Visualize your world - if you know what it consist of?

posted Jun 25, 2015, 2:31 AM by Niels Jensen   [ updated Jun 25, 2015, 12:31 PM ]
Yesterday Safepark attended the 2015 Visualize Your World event by Qlik Denmark at the IDA Conference Center in central Copenhagen on the Kalvebod Brygge waterfront.The event kicked off with a very informative customer presentation by the Danish e-bookshop SAXO.com, who has used Qlik since 2010, and now have live displays on how their business is doing around their Copenhagen office. We asked about the distribution of traffic across the day, and was informed that the pick time is around lunch hour and in the evening af dinner time - usually 5-7 PM in Denmark. So the 24 hour availability don't appear to be extremely important for an e-business directed towards a mostly local market. On the weekly view the low point is Saturday, and there appear to be more traffic on cloudy days than on sunny ones.
Qlik is one of the leading providers of business intelligence (BI) software in the world, and was founded in Lund, Sweden in 1993, but has since moved to Radmor in Pennsylvania, USA. Today the company have 2000 employees and more than 35000 customers distributed over 100 countries. Our first knowledge about Qlik View came from a presentation by Computerworld at one of their How To-events in the Copenhagen area. Computerworld started using Qlik View in their budgetting process in the 1990's and the IT-department got involved years later as the use expaned.
The big surprise was that the morning keynote was streamed from somewhere-else. This keynote was by Qlik's CMO Rick Jackson, who in our view preached to the converted, and recommended to those, who still had to see the light, that they talk to Qlik customers. We wonder if this means that Qlik don't have in-house visualization evangelists?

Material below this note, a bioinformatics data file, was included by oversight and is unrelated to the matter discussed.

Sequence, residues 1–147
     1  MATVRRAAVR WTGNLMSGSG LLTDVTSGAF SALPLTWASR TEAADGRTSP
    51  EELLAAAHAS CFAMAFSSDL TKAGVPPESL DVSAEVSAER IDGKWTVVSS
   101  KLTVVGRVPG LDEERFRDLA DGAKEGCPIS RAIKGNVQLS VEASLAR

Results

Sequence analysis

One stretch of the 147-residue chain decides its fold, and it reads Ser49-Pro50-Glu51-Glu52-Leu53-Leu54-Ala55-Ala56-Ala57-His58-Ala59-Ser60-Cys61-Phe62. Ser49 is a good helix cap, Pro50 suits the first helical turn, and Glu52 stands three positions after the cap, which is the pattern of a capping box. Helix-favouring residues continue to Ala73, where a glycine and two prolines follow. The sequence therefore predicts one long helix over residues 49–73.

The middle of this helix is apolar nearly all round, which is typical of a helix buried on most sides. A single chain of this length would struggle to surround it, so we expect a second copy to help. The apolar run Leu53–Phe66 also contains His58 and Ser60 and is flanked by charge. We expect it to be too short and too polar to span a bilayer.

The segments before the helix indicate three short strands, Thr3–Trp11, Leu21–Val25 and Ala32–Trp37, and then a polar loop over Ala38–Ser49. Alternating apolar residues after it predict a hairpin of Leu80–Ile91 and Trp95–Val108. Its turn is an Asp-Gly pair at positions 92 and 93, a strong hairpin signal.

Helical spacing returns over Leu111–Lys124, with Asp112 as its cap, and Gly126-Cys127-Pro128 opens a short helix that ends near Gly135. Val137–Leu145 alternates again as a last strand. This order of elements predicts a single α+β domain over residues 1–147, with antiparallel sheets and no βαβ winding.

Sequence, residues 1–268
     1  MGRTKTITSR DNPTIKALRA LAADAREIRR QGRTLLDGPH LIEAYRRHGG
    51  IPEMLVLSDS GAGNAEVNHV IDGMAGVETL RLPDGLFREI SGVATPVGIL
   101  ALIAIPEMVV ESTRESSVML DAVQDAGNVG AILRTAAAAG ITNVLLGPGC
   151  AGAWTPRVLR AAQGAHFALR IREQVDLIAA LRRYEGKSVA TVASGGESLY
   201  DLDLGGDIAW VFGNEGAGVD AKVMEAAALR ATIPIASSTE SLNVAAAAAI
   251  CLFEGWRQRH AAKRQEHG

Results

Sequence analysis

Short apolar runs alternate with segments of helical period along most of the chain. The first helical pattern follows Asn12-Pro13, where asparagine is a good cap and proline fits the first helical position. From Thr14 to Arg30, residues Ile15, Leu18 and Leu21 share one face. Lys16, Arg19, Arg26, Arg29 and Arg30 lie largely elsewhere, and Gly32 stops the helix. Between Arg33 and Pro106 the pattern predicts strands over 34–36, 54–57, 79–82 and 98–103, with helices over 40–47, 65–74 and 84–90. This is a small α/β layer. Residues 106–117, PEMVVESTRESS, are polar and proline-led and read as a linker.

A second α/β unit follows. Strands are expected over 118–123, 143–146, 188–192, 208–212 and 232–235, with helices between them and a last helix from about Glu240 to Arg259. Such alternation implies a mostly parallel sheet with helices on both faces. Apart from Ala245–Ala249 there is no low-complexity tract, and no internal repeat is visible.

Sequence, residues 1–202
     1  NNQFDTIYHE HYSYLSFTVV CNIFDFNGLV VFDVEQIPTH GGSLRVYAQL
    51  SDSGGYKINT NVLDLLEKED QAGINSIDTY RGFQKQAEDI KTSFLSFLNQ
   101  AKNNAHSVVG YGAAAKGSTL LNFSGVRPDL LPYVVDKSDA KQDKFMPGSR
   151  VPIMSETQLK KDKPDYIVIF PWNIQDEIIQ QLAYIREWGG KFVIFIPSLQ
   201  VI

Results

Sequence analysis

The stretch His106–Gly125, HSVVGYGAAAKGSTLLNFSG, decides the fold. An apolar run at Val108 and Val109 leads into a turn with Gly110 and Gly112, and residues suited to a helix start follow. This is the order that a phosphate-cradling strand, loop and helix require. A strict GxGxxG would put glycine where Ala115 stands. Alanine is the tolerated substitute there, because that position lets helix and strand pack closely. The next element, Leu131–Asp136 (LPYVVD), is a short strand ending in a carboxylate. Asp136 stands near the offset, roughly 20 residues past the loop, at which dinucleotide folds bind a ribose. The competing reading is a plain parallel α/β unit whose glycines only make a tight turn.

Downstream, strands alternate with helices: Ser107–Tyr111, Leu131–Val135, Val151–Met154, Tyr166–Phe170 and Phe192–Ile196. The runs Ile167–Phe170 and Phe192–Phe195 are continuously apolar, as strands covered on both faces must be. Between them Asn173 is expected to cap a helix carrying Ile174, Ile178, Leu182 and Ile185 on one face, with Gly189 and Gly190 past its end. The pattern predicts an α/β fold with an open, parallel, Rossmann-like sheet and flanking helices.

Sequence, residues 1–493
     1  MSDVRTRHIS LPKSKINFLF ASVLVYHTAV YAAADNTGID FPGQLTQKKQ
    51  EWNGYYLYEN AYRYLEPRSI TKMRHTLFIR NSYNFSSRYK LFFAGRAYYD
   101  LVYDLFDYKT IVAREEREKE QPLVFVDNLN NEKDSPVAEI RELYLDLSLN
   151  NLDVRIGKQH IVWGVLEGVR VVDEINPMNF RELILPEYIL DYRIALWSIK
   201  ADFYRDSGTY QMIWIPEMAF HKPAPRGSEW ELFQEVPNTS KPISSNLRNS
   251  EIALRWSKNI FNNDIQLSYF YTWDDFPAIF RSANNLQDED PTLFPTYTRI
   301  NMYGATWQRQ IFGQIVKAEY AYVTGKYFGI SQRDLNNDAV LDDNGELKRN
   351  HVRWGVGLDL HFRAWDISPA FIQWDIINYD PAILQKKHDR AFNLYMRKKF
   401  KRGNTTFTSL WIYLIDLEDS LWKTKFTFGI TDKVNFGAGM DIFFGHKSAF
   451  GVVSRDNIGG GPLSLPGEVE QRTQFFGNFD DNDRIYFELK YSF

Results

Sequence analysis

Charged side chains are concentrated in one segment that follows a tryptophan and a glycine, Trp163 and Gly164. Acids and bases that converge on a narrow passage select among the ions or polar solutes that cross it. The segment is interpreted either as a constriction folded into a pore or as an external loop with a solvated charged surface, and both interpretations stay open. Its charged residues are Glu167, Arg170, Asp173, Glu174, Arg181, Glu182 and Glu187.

The news from Qlik was the release of Qlik Sense 2.0 later in the day. Among the new features in this version are the use of external data providers integrated with you own data. Examples shown in the live demo was currency exchange rates and weather data. The license for access to external data sources appeared to be 8 USD per seat per year per data source. Even though CMO Rick Jackson advocated that decision makers in a company should have access to Qlik View and/or Qlik Sense, we think that both products are quite complex and require skilled knowledge workers to use them properly, and avoid the "garbage in --> garbage out" problem. This viewpoint was confirmed during lunch discussions with other participants.
Present at the event was eight partners: Climber, Innofactor, Inspari, Itelligence, NNIT, QIS and Scubed. Some of these focus on Qlik, while others has Qlik as an added product to their main focus. During the breaks we noticed that at the Inspari stand there were continuously crowded, and we wonder whether that was because of their visualization kit or their contest? Nonetheless Inspari is the company which has learned us to look at the purpose of each pixel on a chart or dashboard. We guess that more than 90% of charts and dashboards, have pixels, which can be removed without any loss of information content. We also learned a new word "pharmacovigilance", apparently this is the name of the science behind drug safety. 
The half day event ended with another streamed presentation titled "The Gray Area: Humans, Machines & Decision Points" by Qlik's Bussiness Analytics Strategist James Richardson, who appear to sit relaxed at a lake somewhere talking to us. The main points of his presentation was, that you have to deal with impermanence and uncertainty in your data and the environment, and that the purpose of the visualization efforts was to create debate among humans.
Qlik's Visualize Your World 2015 was not a bad event to attend on a grey Wednesday morning in Copenhagen and get updated on one of the world leading BI tools. You can download the personal edition of QlikView or the desktop version of Qlik Sense from Qlik's homepage here. One limitation is that you do require a Windows based computer, but as far as I recall a license is needed, when what your creations are no longer "for your eyes only". Excellent for consultants, who want to gain experience with Qlik's products before promoting them to their customers.
If you are looking for an open source business intelligence tools, then you may want to read Paul Rubens "5 Open Source Business Intelligence Tools" from December of last year. Paul Rubens mentions Jaspersoft Community Edition, Pentaho Community Edition, BIRT, RapidMiner and SpagoBI. The later appear quite popular in the Paris area.
The title of this announcement is an indication, that you can acquire excellent visualzation tools such as Qlik View, Qlik Sense or one of the open source BI tools mentioned. They will all help you with the visualization part. However, the hard work is finding out what to visualize and why. When you have done that, then you know what your world consist of, and the rest is a piece of cake.